11-Copyright Basics

58 Creative Commons – An Alternative

The internet has made the creation and sharing of creative works much easier than it has ever been. Most of these new works are protected by copyright as soon as they are created. But not everyone wants to lock up their creativity behind the protection of copyright. Many people want their work to be freely shared and even built upon.

Creative Commons (CC) was developed out of the desire to make it easier to share and use copyrighted works. Creative Commons allows a creator to grant licenses to their work that could include the ability to share, adapt and/or use material for commercial purposes without having to ask for permission. The creators still own the copyright, but they proactively decide to let others use their works under certain conditions.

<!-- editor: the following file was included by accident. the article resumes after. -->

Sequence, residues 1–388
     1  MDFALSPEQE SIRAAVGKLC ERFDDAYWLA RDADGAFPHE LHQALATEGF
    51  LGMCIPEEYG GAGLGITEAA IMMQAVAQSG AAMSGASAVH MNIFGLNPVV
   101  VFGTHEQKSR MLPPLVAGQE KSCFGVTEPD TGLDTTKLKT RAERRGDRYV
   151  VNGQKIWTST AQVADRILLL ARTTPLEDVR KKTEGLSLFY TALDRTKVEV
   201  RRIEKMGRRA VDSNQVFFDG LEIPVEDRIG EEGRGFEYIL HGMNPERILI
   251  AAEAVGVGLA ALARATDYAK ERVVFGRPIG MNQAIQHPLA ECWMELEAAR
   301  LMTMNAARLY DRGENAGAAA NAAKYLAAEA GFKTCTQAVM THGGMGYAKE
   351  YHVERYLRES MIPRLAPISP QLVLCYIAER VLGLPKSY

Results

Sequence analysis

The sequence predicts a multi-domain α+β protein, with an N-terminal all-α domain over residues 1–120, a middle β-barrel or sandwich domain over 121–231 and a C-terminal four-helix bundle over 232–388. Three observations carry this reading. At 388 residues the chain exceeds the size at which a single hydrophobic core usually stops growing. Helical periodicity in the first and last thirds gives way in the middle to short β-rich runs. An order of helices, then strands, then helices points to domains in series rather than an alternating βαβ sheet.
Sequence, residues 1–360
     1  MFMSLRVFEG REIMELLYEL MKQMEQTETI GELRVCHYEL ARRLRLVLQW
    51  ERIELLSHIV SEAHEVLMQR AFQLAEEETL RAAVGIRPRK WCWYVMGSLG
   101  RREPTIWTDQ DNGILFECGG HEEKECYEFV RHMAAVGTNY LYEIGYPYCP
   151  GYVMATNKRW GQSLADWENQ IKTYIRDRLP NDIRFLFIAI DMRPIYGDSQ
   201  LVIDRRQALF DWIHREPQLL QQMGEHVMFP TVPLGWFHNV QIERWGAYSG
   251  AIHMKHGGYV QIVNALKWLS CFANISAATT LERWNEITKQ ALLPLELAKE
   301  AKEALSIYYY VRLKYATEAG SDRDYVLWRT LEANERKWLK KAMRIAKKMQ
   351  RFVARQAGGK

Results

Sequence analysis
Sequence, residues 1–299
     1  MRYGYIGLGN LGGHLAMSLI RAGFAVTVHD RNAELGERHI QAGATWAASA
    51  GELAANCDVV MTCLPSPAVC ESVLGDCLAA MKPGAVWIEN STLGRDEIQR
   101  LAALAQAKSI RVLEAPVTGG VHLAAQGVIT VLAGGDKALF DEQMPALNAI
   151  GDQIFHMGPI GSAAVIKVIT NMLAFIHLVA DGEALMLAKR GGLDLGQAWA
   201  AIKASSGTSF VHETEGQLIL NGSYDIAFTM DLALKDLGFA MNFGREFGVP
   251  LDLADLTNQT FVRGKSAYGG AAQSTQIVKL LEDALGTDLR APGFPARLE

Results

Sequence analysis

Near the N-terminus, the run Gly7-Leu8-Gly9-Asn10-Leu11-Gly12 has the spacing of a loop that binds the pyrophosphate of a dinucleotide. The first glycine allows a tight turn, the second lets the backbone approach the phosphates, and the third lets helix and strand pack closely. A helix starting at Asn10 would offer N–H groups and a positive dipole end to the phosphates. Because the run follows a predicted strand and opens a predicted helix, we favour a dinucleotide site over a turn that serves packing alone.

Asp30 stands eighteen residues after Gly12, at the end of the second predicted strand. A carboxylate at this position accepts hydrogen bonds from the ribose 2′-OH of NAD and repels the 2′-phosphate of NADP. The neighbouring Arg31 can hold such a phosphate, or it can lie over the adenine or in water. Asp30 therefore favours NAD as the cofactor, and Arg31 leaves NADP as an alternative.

The Creative Commons symbol - featuring two c’s in a circle
Creative Commons allows a creator to grant licenses to their work without requiring they grant individual permission.

Movie: Get Creative

The origin and adventures of the creative commons licensing project.

ACTIVITY: Finding Creative Commons Works

Many websites include CC licensed works. You can search them to find materials that you can freely use in creating your own work provided that you comply with the terms of the license. You can also upload your own CC licensed works to share with others.

Examples include:



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Choosing & Using Sources: A Guide to Academic Research Copyright © 2015 by Teaching & Learning, Ohio State University Libraries is licensed under a Creative Commons Attribution 4.0 International License, except where otherwise noted.